Metastatic breast cancer-induced bone pain (CIBP) is one of the most common types of pain in cancer, affecting up to 75% of patients with advanced stage breast cancer. CIBP is marked by severe chronic and breakthrough pain, decreased survival and quality-of-life (QoL), as well as substantial co-morbidity of psychiatric and existential distress. There are significant gaps in the pharmacologic treatment algorithm of CIBP including: limited anti-pain efficacy, lack of improvements in QoL, and the potential for serious adverse events (SAEs). In addition, none of the current treatments affect the significant psychiatric co-morbidity associated with CIBP. Despite opioids having a central role in treating CIBP, they carry a considerable side effect burden of somnolence, cognitive impairment, opioid-induced hyperalgesia, addiction, respiratory suppression and risk of overdose fatalities. Thus, there is a critical need for more effective FDA-approved pharmacologic interventions for patients with CIBP. Ideal interventions should be non-addictive, have rapid and sustained analgesic effects, a safe side effect profile, efficacy in treating psychiatric and existential distress, and the potential for opioid sparing.
Lysergic acid diethylamide (LSD) is an ergoline psychedelic with pleiotropic pharmacologic properties including serotonergic receptor agonism producing the well-known subjective effects at the serotonin (5‑HT) 2A receptor, as well as dopaminergic, adrenergic, and glutamatergic agonistic effects. LSD also exhibits nanomolar affinity for many other serotonin receptors, some of which (i.e. 5-HT1B, 1D, 2B, and 7) have been validated as pain targets for which high-affinity receptor agonists are active in rodent pain models. In humans, LSD has been extensively studied (>40,000 participants), with an established favorable safety profile with no significant medical toxicity, lack of addictive liability, and even preliminary efficacy to treat addictive disorders, especially alcohol use disorder, as well as pain and psychiatric and existential distress in end-of-life cancer. From the 1960s -1970s, open-label studies of single to multiple dose LSD-assisted treatment in terminal cancer-related pain syndromes, often with concomitant opioids, reported safety of drug administration, and suggested therapeutic effects of rapidly-acting analgesia that endured for weeks, improvements in psychiatric (depression, anxiety, insomnia) and existential distress (death anxiety), as well as reductions in opioid use. In a comparative efficacy trial of single-dose LSD vs single-dose opioids (meperidine; hydromorphone) in terminal cancer pain, LSD was more effective at pain relief days to weeks after drug administration, compared to the opioids. However, no blinded, placebo-controlled modern trials have been conducted to rigorously determine the potential utility of LSD-assisted therapy for the treatment of CIBP due to bone metastases.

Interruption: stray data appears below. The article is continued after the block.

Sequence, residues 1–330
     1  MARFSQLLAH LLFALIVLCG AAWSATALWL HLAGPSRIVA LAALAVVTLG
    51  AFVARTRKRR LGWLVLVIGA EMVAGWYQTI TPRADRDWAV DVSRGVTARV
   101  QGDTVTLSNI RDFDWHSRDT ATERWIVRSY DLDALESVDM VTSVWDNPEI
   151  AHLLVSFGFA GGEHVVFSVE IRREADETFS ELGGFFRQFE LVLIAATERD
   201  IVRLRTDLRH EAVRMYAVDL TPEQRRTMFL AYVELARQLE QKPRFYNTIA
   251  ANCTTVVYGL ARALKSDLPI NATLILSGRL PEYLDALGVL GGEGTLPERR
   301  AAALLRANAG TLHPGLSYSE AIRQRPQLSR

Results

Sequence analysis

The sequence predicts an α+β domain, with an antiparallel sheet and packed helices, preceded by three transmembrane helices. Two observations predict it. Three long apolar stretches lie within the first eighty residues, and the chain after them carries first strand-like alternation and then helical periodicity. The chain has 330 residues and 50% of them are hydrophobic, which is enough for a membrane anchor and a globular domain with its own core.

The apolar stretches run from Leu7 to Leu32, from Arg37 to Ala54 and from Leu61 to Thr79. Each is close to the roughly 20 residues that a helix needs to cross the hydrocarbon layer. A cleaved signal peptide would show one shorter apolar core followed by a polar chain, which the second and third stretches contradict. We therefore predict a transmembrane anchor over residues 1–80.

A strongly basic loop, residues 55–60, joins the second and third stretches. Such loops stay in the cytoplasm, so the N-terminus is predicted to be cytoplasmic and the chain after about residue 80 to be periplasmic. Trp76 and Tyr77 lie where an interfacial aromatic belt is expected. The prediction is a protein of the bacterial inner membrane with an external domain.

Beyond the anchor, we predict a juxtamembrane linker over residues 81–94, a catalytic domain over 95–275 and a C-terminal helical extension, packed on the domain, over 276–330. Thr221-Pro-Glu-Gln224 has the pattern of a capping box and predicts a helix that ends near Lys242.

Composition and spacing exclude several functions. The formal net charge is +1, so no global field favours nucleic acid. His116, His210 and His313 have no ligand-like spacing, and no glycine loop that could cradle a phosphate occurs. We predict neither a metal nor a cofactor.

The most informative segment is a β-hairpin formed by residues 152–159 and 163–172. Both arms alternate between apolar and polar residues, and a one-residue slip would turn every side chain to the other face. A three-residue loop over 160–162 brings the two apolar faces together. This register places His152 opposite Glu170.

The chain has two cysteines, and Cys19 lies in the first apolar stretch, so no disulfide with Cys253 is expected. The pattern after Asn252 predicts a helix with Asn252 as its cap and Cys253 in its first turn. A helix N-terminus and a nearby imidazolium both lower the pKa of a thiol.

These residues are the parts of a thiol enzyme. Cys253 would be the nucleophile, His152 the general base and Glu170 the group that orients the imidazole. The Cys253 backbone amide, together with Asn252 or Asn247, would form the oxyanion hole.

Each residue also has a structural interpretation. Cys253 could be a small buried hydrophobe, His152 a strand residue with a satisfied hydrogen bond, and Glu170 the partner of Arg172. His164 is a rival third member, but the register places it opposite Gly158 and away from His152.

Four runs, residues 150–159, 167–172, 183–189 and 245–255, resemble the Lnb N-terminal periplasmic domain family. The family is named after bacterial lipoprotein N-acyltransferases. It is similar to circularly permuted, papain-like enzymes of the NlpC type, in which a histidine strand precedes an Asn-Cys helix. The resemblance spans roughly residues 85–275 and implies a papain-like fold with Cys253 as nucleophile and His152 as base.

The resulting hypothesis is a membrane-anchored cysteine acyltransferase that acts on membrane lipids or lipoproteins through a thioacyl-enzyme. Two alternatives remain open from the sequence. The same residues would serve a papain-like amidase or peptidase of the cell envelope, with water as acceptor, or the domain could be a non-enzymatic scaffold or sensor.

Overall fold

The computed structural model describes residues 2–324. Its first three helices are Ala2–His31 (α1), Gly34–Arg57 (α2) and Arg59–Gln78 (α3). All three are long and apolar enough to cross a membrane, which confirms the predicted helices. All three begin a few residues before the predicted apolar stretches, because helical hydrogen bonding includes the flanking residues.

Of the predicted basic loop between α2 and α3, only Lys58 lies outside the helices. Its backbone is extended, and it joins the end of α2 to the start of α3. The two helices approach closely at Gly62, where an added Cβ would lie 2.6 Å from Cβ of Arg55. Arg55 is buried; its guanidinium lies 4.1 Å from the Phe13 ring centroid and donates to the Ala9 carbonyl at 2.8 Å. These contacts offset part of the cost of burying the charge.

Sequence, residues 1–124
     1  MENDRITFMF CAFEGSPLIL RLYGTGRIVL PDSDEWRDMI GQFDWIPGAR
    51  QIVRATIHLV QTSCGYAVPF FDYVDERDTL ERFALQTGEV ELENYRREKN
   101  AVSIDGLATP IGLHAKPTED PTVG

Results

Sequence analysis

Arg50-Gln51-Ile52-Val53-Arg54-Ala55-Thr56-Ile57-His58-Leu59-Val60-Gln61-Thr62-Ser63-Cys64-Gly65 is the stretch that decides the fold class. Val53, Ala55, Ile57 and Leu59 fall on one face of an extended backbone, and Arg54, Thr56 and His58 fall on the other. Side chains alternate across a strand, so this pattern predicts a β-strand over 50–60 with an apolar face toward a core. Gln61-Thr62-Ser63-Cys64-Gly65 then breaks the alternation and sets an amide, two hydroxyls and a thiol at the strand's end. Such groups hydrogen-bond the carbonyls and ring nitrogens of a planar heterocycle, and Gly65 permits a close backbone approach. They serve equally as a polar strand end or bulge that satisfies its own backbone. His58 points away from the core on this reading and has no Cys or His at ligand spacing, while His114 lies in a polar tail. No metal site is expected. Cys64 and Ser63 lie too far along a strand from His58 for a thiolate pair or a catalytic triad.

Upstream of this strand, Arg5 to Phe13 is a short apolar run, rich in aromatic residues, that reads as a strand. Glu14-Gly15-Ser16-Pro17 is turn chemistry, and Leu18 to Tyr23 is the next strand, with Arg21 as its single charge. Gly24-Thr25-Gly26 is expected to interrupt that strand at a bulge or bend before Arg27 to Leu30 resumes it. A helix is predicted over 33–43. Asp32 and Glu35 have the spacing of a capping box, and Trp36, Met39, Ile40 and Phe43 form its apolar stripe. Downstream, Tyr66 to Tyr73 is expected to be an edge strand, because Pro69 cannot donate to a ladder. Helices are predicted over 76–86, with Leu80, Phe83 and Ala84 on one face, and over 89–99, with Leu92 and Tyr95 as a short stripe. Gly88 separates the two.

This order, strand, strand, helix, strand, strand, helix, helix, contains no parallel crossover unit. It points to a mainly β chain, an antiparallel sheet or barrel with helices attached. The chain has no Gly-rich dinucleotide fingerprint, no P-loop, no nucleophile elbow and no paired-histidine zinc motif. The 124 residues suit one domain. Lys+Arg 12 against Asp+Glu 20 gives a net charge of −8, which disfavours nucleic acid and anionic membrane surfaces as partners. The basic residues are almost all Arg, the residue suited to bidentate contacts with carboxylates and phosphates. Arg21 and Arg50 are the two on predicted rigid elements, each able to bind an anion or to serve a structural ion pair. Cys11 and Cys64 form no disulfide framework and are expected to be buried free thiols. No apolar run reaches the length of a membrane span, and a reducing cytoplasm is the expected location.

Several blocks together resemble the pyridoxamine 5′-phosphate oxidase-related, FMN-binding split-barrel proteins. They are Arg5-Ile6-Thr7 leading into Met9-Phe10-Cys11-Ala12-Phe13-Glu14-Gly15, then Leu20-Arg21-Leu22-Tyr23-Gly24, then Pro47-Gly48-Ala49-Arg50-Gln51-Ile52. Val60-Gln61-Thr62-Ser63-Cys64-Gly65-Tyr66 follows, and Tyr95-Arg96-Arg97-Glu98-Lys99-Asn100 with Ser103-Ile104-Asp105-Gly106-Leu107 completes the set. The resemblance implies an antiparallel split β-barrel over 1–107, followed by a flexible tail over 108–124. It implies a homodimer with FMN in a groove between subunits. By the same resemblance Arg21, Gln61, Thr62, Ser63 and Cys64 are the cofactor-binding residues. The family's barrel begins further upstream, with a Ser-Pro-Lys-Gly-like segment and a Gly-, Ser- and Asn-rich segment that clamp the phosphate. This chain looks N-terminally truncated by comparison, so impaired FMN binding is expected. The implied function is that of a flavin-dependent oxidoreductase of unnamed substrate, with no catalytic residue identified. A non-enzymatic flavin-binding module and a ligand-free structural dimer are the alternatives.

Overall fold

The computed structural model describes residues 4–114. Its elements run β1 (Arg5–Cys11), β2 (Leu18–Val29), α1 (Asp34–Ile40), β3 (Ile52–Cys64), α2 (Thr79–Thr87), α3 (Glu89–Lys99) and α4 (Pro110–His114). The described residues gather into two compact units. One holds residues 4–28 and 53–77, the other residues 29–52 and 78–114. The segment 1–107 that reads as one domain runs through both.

The proposed study is a randomized, double-blind, active-placebo-controlled, parallel group trial of two medication sessions of oral administration of LSD (100 µg; 200 µg µg; 4 weeks apart) combined with manualized psychotherapy sessions to treat metastatic breast CIBP. The primary endpoint is change of pain from baseline to week 12, and secondary and endpoints include opioid sparing, QoL, functional disability, anxiety, depression, sleep, and existential distress. This study may serve as proof-of-concept for LSD therapy as a potentially safe and efficacious treatment for CIBP and other types of cancer pain as well as for refractory chronic neuropathic and musculoskeletal pain.